The interim evaluation report and executive summary can be accessed here FINAL CSW Interim Evaluation Report – Oct 2018 and here EXEC SUMMARY CSW Interim Evaluation Report – Oct 2018
We are grateful to The National Lottery Community Fund for investing in independent evaluation commissioned by Circles South West.
University of Cambridge, 2018
Glebe House provides therapeutic residential care for adolescent males who have displayed harmful sexual behaviours. The Friends Therapeutic Trust www.ftctrust.org.uk commissioned the University of Cambridge to evaluate Circles established for young adults to support their transition to living independent in the community on leaving Glebe House. Circles South West has provided 3 such Circles to date. The evaluation report published in July 2018 includes the young people’s Circles provided by Circles South West and can be accessed here Evaluation of Glebe House Circles, July 2018 [Cambridge Uni]. The evaluator concludes that:
“The Circle offers support, social interaction and positive role models at the vulnerable time of transition…Circles are a particularly good fit for Glebe House as both institutions are informed by a Quaker ethos of social action reinforcing the importance of relationships, community and collective responsibility.
Circles constituted a space where they could talk and discuss problems, and where they were heard. Relationships within Circles were often (although not always) characterised as trusting, warm and friendly. The activity element of Circles built relationships and enabled the young men to try new leisure pursuits. Circles also offered practical help and guidance in areas such as housing, money management and employment.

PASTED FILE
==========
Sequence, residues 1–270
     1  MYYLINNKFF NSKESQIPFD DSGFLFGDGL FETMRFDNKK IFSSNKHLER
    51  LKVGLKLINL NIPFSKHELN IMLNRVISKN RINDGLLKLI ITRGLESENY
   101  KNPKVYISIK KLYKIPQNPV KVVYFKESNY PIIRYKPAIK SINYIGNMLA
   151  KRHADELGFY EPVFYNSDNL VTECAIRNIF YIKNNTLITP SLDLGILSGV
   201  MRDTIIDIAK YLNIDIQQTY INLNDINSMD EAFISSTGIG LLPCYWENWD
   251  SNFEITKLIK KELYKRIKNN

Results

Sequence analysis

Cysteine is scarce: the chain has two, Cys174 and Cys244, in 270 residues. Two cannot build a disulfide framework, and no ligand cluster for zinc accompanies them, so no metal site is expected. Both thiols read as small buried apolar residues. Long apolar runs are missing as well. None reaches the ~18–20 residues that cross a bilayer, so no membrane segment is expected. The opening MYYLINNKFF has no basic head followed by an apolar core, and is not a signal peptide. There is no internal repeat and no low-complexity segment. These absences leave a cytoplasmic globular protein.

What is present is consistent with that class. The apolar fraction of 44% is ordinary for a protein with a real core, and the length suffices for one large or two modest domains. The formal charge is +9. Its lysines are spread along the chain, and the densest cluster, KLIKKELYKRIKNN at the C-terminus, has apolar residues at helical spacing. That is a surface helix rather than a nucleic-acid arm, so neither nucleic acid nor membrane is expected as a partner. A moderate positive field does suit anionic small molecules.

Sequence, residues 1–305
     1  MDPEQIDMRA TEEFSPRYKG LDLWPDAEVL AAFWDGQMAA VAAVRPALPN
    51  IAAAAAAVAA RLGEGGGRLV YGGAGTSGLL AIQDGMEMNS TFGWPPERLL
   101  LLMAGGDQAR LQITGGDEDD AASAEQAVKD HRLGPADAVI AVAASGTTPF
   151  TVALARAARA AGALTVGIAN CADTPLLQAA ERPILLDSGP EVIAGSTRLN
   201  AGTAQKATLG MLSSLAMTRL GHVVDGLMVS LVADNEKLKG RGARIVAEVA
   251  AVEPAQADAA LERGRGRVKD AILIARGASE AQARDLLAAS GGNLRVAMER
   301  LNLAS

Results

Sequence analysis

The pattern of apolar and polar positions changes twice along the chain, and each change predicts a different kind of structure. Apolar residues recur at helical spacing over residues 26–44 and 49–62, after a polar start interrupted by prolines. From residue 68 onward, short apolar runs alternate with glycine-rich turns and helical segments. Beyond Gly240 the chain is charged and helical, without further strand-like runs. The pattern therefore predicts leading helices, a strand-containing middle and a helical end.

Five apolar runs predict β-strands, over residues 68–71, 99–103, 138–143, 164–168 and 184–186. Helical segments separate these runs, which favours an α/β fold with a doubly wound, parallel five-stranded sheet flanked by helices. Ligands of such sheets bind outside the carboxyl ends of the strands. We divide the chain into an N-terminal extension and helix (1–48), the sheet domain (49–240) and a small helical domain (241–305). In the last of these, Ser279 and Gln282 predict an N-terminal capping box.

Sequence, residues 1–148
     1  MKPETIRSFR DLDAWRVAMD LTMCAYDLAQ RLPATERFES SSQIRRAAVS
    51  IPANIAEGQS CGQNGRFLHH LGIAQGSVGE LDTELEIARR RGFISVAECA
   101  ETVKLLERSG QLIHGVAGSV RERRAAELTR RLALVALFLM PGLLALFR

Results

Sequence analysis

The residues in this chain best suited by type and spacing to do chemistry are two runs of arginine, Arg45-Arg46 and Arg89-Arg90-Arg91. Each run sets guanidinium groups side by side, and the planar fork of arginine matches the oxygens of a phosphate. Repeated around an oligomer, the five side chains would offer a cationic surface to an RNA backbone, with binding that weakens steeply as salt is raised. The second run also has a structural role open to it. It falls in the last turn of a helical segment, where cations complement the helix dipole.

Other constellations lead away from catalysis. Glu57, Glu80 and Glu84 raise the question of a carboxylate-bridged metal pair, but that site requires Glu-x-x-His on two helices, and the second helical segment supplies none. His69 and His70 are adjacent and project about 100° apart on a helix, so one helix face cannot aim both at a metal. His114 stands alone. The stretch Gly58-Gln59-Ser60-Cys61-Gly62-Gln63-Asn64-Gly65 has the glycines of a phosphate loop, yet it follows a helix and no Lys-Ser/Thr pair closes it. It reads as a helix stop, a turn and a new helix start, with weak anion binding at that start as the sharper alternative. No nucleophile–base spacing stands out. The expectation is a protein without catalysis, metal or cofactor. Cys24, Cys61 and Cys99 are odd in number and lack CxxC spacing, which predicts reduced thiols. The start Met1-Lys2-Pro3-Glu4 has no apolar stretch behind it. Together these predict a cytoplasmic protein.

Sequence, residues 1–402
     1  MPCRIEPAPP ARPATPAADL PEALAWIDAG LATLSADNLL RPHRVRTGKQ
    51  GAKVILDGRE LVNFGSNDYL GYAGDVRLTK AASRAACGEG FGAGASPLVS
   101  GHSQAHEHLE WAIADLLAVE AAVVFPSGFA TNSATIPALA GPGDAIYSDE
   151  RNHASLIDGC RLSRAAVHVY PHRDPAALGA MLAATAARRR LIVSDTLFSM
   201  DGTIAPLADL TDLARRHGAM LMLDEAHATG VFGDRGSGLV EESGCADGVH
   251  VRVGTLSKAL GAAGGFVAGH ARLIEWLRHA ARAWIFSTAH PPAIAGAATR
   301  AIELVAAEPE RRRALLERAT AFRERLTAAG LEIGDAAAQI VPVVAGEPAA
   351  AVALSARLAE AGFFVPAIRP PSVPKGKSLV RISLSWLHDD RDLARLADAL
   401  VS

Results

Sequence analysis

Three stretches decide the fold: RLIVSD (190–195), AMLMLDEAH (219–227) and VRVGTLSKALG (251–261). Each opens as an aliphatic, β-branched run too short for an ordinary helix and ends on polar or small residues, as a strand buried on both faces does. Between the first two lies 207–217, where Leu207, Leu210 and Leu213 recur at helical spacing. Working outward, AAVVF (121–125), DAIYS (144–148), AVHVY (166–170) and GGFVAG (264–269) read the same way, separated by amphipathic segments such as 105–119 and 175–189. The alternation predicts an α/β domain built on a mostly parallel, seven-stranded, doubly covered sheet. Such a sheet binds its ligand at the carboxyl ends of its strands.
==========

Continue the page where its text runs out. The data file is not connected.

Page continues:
The young men in the study were asked whether they would recommend that everyone leaving Glebe House was provided with a Circle. All those who had experienced a Circle said that they would, including one who replied ‘Why wouldn’t you have a Circle?’”
University of the West of England, 2016
McCartan (2016) evaluated 29 Circles set up across the South West, South East, North East and Yorkshire and Humberside. The progress of the Core Members over the course of the Circle was assessed using the Dynamic Risk Review (DRR: a scored questionnaire completed by Volunteers based on the domains of the Structured Assessment of Risk and Need) and structured interviews with the Core Member based on the DRR. The majority demonstrated reductions in dynamic risk over the course of the Circle, and many showed improved outcomes with respect to accommodation, employment, relationships and other circumstances compared to at the start of the Circle. The Evaluator concludes that:
“Circles assists in the reintegration of sexual offenders into the community by providing pro-social support, role modelling, a positive platform and grounded assistance. Circles provide social and emotional support to the Core Members…. being in a stronger position to live offence free in the community than at the beginning of their Circle” (McCartan, 2016).
The Executive Summary is here:
and a Circles South West specific Summary Report here: